GENERIC DRUGS: Industry Sues U.S. Over Pediatric Policy
Two trade groups representing the generic drug industry have filed suit against the federal government, alleging that new FDA regulations on pediatric testing of drugs allow large pharmaceutical firms to unfairly extend patent and exclusivity rights. As part of the FDA Modernization Act of 1997, the government agreed to give "companies that study a drug's effect in children the right to keep generic versions of their product off the market for an extra six months." The move was an effort to bolster knowledge of the effects of drugs on children, which many warned had been lacking. However, generic drugmakers argue that the FDA is allowing companies to "extend their marketing exclusivity on entire lines of products rather than on just the one drug studied for pediatric use." For example, Glaxo Wellcome is researching the effects of an injectable form of Zantac for infants. However, the FDA has extended its patent for all forms of Zantac, including its popular over-the-counter product. G. Thomas Long, legislative counsel to the National Pharmaceutical Alliance, one of the groups bringing the suit, said, "This raises the question of what the incentives really are."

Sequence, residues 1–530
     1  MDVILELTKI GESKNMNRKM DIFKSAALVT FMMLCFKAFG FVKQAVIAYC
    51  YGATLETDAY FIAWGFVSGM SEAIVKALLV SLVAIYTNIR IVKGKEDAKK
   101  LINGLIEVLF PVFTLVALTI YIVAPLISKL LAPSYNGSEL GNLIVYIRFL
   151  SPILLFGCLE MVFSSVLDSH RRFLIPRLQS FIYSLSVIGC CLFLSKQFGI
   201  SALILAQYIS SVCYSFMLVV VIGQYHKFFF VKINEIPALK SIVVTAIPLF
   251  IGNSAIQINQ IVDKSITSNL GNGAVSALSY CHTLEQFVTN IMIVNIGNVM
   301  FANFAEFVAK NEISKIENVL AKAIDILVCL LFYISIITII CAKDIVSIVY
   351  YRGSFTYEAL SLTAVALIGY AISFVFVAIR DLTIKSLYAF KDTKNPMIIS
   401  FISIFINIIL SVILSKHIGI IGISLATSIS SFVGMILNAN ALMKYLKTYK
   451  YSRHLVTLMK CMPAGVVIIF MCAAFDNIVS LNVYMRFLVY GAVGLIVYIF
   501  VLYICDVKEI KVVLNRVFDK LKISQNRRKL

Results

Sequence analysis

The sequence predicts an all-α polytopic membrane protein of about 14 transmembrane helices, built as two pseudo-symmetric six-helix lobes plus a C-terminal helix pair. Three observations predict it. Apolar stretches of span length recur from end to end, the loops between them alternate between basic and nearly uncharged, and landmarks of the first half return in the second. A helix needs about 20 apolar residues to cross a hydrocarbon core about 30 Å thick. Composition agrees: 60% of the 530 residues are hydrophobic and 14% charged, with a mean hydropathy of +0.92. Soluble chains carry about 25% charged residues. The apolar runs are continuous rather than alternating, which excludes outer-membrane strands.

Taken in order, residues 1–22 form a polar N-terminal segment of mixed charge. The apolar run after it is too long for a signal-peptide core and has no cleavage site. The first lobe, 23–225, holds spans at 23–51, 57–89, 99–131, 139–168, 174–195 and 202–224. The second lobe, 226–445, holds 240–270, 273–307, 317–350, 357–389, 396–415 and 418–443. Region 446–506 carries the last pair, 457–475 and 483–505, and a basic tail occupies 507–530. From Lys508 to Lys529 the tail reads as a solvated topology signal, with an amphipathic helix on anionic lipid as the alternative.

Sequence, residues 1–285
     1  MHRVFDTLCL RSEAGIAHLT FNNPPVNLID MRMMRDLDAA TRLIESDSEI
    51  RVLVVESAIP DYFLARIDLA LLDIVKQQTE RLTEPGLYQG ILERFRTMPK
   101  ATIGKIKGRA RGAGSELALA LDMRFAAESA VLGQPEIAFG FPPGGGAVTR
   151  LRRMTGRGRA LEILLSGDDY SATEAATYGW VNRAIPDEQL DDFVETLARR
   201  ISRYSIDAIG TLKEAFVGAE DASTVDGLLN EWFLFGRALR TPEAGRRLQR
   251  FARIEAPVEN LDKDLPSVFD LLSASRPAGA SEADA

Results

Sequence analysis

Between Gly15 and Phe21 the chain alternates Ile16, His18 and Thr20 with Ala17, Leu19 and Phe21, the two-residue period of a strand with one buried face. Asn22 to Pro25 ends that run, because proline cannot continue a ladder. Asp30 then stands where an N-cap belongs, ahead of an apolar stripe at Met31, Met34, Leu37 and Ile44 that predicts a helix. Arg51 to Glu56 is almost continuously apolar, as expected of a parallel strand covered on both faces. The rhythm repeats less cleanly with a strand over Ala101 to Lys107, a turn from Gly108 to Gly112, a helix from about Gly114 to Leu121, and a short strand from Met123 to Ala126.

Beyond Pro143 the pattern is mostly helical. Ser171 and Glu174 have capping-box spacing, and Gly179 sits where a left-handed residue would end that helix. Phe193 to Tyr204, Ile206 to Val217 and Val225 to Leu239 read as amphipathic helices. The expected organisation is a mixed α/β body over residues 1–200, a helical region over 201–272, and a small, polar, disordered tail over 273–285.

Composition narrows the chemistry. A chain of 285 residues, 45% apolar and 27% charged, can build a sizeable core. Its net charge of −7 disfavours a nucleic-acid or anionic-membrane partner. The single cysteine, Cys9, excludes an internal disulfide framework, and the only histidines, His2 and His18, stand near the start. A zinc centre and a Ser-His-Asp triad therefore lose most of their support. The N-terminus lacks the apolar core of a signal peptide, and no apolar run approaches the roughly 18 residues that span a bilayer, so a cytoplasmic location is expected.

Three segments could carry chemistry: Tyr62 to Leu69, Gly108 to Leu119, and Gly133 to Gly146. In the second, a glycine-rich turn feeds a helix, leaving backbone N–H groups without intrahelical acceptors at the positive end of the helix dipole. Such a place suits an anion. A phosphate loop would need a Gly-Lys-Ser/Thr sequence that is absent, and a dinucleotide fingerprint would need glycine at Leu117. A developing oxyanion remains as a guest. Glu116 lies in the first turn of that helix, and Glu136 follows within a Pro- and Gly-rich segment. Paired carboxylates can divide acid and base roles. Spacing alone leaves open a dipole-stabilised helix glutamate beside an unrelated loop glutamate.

The Wall Street Journal reports that the average drug company spends between $250,000 to $1 million to research a drug's effects on children. An extra six months of patent protection, however, could mean a windfall of about $50 million. Timothy Westmoreland of the Elizabeth Glaser Pediatric AIDS Foundation sees no problem with such an arrangement. He said, "We went in knowing we were rewarding the drug companies too richly. But our past history shows that was the only way of motivating them." Thus far, the agency has granted permission to conduct studies on 39 drugs and issued exclusivity extensions for five of them -- Zantac, Motrin, Advil, Versed and Ziagen (Sharpe, 2/23).